Magneto – Control over magnetism. Can lift and manipulate ferrous metals and objects containing significant concentrations of ferrous metals. Has a helmet that blocks psychic powers. He’s a genius, strategically and scientifically. Has incorporated metal fibers in costume so that he can levitate and fly.

Darth Vader – Control over the dark side of the Force allows him to employ telekinesis, read surface thoughts and emotions of others, increase strength and agility, employ limited precognition, mentally influence the actions of others at times and possibly generate “Force lightning.” Also, very skilled in hand-to-hand combat, particularly with the lightsaber.

Analysis of combat scenarios:

Much was made in the Facebook thread I linked to above about how much of Darth Vader’s body is cybernetic…that he is “more machine now than man” as Obi-Wan Kenobi put it. I think that’s probably overstating the state of his body and might be somewhat metaphorical as well, but let’s assume that much of Darth Vader’s body is now metallic, and utilizing steel or some other ferrous metal.

In that case, Darth Vader is at a serious disadvantage. Magneto could literally twist the metallic parts of Vader’s body and cripple or kill him in seconds. Given his powers, Magneto could sense the metal in Vader’s body and know of that vulnerability, whereas Vader would have no way to know of Magneto’s powers. Even if Vader were trying to peer into Magneto’s mind, psychic powers via the Force don’t allow literal mind-reading, and Magneto’s helmet protects him from psychic intrusions.

That said, let’s not forget that before his body parts had to be replaced, Vader (when he was still Anakin Skywalker) survived for quite some time after having both legs severed and falling into molten lava. Likely he was in that predicament for hours before he was rescued by Darth Sidious, and given that ability to endure pain and injury, it is possible that Vader could survive an assault on the metallic parts of his body long enough to telekinetically crush a vital organ in Magento’s body or slice him in half with a lightsaber. Even doing a “force choke” by squeezing Magneto’s windpipe telekinetically would seriously inhibit Magneto’s ability to concentrate and use his magnetic powers.

So, a significant edge goes to Magneto in this scenario, though his victory isn’t assured. Much depends of who attacks first and with how much vigor.

But there are serious flaws with even believing this scenario would be accurate. Why would Vader’s cybernetic body parts have any significant amount of metal or perhaps even any metal at all? Given the use of hyperspace travel, blasters and other high-tech in the Star Wars universe, it seems far more likely that to prevent being weighed down and to provide maximum longevity and flexibility of the cybernetic components, they would be made of polymers, hardened ceramics or even more exotic materials. Even with 21st-century Earth technology, we’re rapidly moving beyond metal in prosthetics and such.  Also, remember that in Star Wars major healing is handled through bacta tanks, which use a healing liquid suspension rather than surgical or medicinal intervention, and lightsabers are based on crystalline technology. The use of exotic materials is widespread.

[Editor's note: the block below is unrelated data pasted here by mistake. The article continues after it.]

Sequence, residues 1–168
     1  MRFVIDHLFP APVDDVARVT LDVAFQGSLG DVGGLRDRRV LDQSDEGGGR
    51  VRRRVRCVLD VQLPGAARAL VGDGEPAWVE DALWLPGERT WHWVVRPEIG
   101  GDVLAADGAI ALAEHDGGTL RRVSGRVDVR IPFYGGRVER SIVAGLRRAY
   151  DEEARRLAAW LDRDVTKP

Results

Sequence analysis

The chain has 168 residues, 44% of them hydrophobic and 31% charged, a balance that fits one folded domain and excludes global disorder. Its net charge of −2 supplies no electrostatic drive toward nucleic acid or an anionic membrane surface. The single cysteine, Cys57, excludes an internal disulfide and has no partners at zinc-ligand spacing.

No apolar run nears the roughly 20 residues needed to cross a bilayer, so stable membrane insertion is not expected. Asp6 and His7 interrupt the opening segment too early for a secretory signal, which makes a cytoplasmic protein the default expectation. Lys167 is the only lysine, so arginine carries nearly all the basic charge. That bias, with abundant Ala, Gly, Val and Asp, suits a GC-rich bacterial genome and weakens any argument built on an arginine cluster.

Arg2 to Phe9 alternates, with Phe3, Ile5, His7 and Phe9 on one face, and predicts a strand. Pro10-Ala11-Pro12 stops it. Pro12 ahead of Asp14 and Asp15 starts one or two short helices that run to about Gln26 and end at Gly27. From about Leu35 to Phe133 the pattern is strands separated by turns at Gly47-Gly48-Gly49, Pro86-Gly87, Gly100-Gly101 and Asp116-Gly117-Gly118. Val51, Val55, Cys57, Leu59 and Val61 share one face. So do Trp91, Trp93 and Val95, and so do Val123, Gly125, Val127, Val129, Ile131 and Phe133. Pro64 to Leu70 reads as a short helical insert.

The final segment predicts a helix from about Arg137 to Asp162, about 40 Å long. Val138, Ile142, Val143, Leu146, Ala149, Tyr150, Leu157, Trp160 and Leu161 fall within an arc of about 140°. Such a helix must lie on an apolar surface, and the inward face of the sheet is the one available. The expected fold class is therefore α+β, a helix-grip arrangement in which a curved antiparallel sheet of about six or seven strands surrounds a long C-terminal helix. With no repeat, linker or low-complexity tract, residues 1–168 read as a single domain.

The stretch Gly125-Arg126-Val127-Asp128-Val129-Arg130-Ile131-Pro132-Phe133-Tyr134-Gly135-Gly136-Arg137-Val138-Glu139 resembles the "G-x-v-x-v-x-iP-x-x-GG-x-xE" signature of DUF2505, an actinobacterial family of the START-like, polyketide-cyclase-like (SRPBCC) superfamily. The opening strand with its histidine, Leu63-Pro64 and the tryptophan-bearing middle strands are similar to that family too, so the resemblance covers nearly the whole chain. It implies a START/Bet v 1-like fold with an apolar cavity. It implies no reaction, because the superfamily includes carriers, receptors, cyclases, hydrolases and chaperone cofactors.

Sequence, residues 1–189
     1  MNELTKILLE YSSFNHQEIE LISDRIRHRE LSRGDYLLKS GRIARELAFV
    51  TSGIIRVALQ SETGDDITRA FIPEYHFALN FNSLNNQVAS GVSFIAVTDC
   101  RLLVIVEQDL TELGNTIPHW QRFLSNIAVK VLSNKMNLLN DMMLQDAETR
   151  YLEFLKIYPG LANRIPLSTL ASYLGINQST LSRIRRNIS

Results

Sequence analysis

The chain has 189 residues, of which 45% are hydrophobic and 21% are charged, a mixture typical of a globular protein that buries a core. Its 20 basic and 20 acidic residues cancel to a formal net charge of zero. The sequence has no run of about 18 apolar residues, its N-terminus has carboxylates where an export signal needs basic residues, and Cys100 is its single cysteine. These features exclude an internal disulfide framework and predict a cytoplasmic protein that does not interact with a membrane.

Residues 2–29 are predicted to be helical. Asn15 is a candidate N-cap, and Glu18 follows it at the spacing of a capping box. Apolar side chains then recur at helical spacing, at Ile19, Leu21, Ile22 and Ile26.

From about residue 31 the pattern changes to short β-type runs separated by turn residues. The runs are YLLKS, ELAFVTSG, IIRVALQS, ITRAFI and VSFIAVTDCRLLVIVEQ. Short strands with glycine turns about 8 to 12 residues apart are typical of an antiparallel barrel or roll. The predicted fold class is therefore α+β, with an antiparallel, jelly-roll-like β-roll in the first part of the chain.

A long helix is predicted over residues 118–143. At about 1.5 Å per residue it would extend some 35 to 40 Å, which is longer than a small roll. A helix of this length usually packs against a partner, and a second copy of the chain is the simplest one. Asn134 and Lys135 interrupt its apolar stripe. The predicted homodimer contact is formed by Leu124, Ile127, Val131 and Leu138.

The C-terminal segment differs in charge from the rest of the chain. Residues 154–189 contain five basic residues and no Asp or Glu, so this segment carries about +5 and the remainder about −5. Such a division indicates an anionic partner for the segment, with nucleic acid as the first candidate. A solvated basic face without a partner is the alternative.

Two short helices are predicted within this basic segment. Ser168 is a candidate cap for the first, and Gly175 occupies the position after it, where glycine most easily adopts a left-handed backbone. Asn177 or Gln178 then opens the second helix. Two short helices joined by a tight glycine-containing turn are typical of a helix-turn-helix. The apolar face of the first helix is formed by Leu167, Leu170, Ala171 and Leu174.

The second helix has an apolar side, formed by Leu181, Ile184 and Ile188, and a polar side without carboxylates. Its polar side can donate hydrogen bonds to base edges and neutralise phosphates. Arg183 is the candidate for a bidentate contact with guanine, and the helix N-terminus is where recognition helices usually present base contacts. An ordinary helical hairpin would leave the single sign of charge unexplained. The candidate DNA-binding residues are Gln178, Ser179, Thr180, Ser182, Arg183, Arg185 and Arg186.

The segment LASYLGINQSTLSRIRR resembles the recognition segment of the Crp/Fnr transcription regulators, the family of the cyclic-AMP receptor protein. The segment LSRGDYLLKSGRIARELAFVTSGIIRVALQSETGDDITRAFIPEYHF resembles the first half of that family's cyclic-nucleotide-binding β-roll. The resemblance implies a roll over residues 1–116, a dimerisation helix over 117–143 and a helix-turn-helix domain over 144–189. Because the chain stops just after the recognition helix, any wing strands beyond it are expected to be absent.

Also, Darth Vader’s armor (and that of the stormtroopers he commands) is clearly not metallic. This also suggests it is unlikely that his internal parts are metallic. Even his lightsaber probably uses little, if any, metal. Given the size of blaster rifles and the ease with which they are hefted, I suspect they don’t even use metal or use very little.

Yes, droids are metallic, and are often restrained or retrieved magnetically. But that’s a control issue. They are already mechanical, so carrying extra weight and having more rigidity isn’t as much a problem as with a living creature. And in order to move them around easier and to keep them from escaping your control, you’d want them to be manipulable by magnetic forces.

So, Vader probably isn’t metallic. Which means Magneto, in a best-case scenario, can only fling metallic objects at Vader. Vader will, of course, bat them away with the power of the Force or slice them to ribbons with his lightsaber.

Some have suggested that Magneto’s helmet will protect him from Force-choking and other telekinetic attacks, but this is ridiculous. The helmet is designed to block telepathic and mind control powers…things that reach into the psyche (not that the Force could influence his mind directly anyway, as it can only do that to the “weak-minded”). Telekinesis is the physical manipulation of objects with the power of the mind. And even if the helmet kept Vader from using a Force-choke somehow, Vader could drop a ton of debris on Magneto or fling him into a wall until he was pulp. Assuming, of course, he didn’t just slice him in half with the lightsaber. Remember, Vader is going to surpass Magneto for physical strength, endurance, speed and agility thanks to his ability to tap the Force.

So, chances are that Magneto is toast.


Keystone Congress

I’m not saying President Barack Obama is doing the best job ever of any recent president in office; however, considering what he inherited, he’s done pretty well, and even in his worst moments he’s more competent by far than George W. Bush administratively and in terms of foreign policy. Point is that I have my beefs at times with the Oval Office, even if one might assume from my liberal leanings that I worship at the altar of Obama.

Still, even when I’m not happy at the direction the president is going (or even the Supreme Court in a lot of recent decisions), the bulk of my ill-will is aimed squarely at the U.S. Congress. This is a body (both houses) that has become bloated, inefficient, corrupt, out of touch and deranged to extremes that I never could have imagined when I started voting back around 1986. To give you a taste of how I feel, how about some of these tweets from me over the past few days: